How Rwanda’s Bralirwa profits raised by 655% despite COVID

Bralirwa, said its pretax profit more than tripled to 12.9 billion Rwandan francs ($12.98 million) in 2020, boosted by higher beer sales and lower operating costs.


How Rwanda's Bralirwa profits raised by 655% despite COVID

Annual profits for local beverages manufacturer, Bralirwa increased by 655% (after tax) in 2020 to Rwf9 billion from Rwf1.2 billion in 2019 largely driven by a reduction in operating expenses.

In 2019, profits had dropped sharply to Rwf1.2bn from Rwf7.2 billion in 2018 with an increase in operating expenses explained as the cause for the drop.

However, in 2020, despite lack of activity on the events scene and with bars closed, the volumes of beer sold increased by 7.2 percent with vending outlets including shops, supermarkets, and a few restaurants.

Soft drink sales however dropped by 19.1 percent, according to the brewer’s audited financials released Wednesday.

With that, the brewer sold 1,894,000 hectoliters in the year compared to 1,886 000 hectoliters in 2019. However, revenue dropped by 0.2 percent to Rwf 100.5Bn from Rwf 100.6Bn in the previous year.

The brewer, however, managed to cut most of the expenses including the cost of sales by 2.3 percent to Rwf 64.3Bn, selling and distribution expenses by 59 percent to Rwf3.1Bn while administrative expenses dropped by 18.9 percent to just above Rwf 10Bn.

Rwanda Revenue Authority earned Rwf 3.98Bn from the brewer compared to about Rwf1.7Bn taxes that were paid by the company in the previous year.

Merid Demissie, the Managing Director of Bralirwa said that revenue management and cost-saving initiatives had driven the performance.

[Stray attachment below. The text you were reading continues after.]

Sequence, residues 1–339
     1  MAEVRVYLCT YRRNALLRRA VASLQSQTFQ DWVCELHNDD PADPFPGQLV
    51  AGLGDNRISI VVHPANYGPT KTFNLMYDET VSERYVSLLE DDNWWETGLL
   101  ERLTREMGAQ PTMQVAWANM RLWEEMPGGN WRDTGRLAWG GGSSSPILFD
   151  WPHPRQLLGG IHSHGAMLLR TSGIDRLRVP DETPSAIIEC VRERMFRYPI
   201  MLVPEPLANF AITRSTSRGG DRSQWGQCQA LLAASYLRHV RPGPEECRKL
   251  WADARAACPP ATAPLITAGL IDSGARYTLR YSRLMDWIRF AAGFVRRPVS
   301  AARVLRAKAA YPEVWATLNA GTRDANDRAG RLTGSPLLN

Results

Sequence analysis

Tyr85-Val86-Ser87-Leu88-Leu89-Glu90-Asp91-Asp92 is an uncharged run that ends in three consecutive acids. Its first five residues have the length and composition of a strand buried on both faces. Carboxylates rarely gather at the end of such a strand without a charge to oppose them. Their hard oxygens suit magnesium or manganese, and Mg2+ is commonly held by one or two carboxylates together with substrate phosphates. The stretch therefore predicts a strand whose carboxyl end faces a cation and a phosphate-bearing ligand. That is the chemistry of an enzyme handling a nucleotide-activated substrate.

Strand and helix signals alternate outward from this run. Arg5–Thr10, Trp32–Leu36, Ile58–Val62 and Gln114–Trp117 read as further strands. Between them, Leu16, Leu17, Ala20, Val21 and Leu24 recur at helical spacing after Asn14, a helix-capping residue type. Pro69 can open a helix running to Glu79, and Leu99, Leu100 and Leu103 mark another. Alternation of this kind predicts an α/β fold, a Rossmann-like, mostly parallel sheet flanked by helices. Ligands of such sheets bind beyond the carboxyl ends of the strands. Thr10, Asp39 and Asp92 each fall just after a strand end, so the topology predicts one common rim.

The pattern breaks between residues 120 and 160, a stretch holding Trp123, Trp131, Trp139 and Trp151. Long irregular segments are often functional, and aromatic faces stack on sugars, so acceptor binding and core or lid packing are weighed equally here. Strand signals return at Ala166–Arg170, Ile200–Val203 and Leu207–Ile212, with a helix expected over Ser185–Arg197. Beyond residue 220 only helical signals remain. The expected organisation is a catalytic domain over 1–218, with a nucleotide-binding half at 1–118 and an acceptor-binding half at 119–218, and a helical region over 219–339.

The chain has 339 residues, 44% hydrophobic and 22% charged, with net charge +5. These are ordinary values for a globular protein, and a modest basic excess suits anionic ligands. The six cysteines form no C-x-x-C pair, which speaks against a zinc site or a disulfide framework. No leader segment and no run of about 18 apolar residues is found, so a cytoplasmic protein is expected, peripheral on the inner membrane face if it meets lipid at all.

Bralirwa, a listed company on Rwanda Stock Exchange, reported making investments in the brewer expansion and fermentation as well as storage tanks bringing the capital expenditure to Rwf14.6bn.

Impairment on the loan to Bramin was recorded in 2020 as the project is yet to become profitable. Bramin mechanized and Irrigated Maize farm is a joint venture between Bralirwa and Minimex, a local milling company.

Debt-wise, the total debt position of Bralirwa rose slightly to Rwf 42.6B due to bank overdrafts. However, Bralirwa paid off some of its USD denominated long-term IFC loan to bring it down to Rwf 9.2B from Rwf14.6 billion in the previous year.

Going forward, the firm cited uncertainties resulting in volatility in the global economy are expected to continue to impact African economies in the coming year.

“Our initial plan for 2021 was further top line, profit and margin growth in the context of continued outperformance of the Rwandan economy relative to the broader African region driven by new product introductions, cost management, and further debt reduction,” the company said in the financial statement.

The performance will see shareholders earn a cash dividend of Rwf8.75 per share compared to Rwf1 in 2019. Shareholders are expected to approve the payout in May this year during an Annual General Meeting with payments to be made in June.

The news of the firm’s profit excited social media with most users finding it interesting that the brewer made profits amid a pandemic when bars were closed countrywide while others joking that beer had probably been a coping mechanism for many.

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